EFSA set to mass reject 100s of herbal health claims

By Shane Starling

- Last updated on GMT

Related tags: Efsa’s panel, Nutrition

EFSA set to mass reject 100s of herbal health claims
Hundreds of proposed botanical-health relationships ranging from antioxidant activity to skin health to immunity to gut health will almost certainly be rejected if the European Food Safety Authority (EFSA) holds to its current methodologies, according to an EU herbal group.

Patrick Coppens, the secretary general of the European Botanical Forum, said it was unlikely any herbs in line for assessment in the third batch of article 13.1 claims, would win positive opinions.

“If EFSA continues to ignore the existing consensus on the traditional effects of these botanicals, we expect not a single one of these plants to survive the claims process,”​ Coppens said.

A sneak preview obtained by NutraIngredients of 100s of herbs that have been processed by EFSA’s health claims panel but not yet published, indicates an exhaustive list has been assessed including cranberry, lutein/zeaxanthin, green and black tea, Echinacea, sea buckthorn, rosehip, ginkgo, rosehip, hibiscus, arnica and eucalyptus.

The prebiotic industry will also be holding its breath as chicory, oligosaccharides, isomalto-oligosaccharides and polysaccharides have all had their dossiers assessed by EFSA’s Panel on Dietetic Products, Nutrition and Allergies (NDA).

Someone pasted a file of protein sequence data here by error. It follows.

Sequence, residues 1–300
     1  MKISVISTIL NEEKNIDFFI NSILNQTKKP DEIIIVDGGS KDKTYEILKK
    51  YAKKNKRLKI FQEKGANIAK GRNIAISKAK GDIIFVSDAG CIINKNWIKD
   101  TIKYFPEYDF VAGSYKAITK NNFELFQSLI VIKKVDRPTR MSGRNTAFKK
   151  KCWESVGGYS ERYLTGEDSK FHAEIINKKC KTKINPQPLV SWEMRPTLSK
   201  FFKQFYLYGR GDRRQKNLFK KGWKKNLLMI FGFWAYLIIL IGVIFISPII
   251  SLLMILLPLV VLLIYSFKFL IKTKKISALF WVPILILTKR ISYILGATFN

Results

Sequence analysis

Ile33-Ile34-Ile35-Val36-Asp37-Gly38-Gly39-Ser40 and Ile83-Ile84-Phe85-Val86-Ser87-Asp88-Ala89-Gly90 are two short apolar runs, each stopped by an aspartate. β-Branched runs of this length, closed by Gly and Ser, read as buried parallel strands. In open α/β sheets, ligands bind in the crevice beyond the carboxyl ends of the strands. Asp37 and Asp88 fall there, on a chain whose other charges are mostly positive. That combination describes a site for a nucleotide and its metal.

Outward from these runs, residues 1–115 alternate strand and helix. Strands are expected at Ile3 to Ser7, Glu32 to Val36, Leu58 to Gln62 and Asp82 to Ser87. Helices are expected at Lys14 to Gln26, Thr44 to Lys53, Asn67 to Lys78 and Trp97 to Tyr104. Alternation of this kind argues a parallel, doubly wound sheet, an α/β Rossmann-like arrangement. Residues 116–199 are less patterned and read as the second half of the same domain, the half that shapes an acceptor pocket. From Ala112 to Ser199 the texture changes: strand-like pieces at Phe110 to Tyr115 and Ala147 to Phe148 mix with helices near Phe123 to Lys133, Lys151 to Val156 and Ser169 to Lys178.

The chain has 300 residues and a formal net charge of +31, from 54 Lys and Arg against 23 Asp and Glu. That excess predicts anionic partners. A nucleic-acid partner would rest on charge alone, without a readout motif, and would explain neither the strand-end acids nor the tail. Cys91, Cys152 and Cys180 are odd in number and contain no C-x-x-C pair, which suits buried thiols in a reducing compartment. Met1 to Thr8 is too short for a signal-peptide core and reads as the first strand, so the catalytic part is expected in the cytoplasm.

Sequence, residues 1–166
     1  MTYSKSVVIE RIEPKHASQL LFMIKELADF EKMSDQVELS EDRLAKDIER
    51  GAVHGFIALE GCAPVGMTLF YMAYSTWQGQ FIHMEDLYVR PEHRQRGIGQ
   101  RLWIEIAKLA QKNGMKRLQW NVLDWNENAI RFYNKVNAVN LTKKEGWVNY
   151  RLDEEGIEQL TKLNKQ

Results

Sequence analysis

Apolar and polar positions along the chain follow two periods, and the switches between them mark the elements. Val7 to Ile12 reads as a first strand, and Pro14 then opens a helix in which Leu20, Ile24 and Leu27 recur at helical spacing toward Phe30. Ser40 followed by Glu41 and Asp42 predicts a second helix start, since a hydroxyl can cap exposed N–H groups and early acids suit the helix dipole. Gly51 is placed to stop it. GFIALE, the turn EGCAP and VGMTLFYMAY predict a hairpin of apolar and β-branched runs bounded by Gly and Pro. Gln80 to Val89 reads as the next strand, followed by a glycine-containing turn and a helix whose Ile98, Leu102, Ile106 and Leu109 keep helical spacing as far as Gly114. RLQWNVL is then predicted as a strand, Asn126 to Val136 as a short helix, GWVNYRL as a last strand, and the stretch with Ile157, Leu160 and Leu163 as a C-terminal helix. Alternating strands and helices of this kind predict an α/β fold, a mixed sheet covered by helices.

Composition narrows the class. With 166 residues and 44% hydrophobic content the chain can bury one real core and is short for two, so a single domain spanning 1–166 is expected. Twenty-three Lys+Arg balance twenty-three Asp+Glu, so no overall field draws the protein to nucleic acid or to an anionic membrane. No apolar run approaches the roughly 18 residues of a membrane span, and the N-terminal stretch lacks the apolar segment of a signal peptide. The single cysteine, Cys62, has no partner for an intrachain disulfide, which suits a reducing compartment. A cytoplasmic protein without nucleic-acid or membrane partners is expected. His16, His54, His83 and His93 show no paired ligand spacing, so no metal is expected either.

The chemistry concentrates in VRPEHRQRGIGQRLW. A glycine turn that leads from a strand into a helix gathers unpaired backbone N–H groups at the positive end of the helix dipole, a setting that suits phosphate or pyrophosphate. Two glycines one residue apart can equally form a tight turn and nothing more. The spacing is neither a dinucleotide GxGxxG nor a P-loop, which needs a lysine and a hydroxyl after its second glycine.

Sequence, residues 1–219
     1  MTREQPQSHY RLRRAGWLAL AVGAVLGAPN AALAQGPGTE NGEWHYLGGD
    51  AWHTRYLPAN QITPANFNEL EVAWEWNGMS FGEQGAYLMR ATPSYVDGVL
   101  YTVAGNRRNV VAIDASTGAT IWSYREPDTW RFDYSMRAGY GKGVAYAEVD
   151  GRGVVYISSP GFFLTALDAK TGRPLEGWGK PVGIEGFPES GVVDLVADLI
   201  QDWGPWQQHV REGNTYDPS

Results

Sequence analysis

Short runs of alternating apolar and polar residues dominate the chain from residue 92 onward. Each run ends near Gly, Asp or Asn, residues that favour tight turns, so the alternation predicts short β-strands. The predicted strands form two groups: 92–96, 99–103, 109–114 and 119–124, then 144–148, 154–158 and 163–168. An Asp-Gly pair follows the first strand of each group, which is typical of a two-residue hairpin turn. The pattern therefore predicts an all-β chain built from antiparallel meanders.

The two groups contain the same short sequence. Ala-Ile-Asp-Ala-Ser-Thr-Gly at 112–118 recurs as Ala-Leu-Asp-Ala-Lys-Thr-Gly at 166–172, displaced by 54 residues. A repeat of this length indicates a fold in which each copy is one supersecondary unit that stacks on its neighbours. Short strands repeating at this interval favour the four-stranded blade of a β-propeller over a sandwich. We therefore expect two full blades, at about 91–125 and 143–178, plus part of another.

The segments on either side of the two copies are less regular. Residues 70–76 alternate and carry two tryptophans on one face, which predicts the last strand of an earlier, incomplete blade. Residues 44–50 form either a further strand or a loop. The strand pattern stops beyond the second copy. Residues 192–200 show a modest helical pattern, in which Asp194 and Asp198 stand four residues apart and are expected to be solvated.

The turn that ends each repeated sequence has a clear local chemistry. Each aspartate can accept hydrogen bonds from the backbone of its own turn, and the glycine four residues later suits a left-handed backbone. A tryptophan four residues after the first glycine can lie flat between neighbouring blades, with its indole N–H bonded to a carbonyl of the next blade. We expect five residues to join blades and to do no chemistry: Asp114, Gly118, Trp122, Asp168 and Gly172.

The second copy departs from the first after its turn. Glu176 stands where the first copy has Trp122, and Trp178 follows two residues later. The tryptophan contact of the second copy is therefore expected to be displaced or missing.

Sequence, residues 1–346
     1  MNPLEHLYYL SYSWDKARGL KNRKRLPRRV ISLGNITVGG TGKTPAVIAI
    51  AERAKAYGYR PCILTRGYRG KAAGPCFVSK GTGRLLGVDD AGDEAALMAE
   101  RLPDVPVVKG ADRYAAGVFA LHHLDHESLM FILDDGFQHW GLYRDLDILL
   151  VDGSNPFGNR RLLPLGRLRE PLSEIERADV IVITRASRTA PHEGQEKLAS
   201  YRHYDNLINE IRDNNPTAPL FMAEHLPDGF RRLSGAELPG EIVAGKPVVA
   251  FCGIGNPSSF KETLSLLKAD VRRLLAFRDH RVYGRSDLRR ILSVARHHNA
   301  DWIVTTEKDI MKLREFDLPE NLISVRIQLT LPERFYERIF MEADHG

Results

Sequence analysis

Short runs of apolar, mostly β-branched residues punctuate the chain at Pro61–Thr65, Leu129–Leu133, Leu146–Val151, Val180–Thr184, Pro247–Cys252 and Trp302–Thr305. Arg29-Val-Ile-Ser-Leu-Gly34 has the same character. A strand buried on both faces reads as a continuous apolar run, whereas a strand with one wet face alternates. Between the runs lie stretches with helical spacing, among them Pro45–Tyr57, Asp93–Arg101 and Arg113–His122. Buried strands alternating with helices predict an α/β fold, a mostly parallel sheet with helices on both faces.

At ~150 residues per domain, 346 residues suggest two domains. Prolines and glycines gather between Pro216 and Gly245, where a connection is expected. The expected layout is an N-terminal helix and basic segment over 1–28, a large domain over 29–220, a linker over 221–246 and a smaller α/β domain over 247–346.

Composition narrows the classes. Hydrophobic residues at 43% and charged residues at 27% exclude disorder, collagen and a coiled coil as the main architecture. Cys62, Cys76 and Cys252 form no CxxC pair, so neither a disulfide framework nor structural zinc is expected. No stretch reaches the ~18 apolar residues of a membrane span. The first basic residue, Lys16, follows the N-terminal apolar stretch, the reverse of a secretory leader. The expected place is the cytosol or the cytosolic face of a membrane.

“The approach EFSA has adopted is not appropriate for botanicals,”​ Coppens added.

“The kind of studies requested are not even available for traditional medicinal products. We trust the Commission and the Member States acknowledge this and continue to seek solutions for this valuable category of health products.”

An EFSA spokesperson said the third batch of opinions would be published at the end of September or beginning of October.

Other herbal health claims the NDA has dealt with include green coffee, guarana, blueberry extracts, mangosteen, schisandra, marjolaine feuille, grape seed extracts and broccoli extracts. Typically, the claims are antioxidant related.

Related topics: Regulation

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2 comments

killing patients with herbs, supplements??

Posted by Jim DeLuca,

Medical pharmaceuticals kill thousands of people every year, but they are scientifically proven to be effective and safe....
Herbs and supplements may actually be part of the placebo effect for users, but placebos are often almost as effective as drugs. And very few people have been killed from use or even misuse of herbs and supplements...

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Get botanicals accepted

Posted by Pademelon,

It should be easy to get botanicals accepted by EFSA. Just prove they are effective. But remember that tradition and anecdote and personal experience do not prove anything. If they did then bloodletting would still be acepted and still killing patients.

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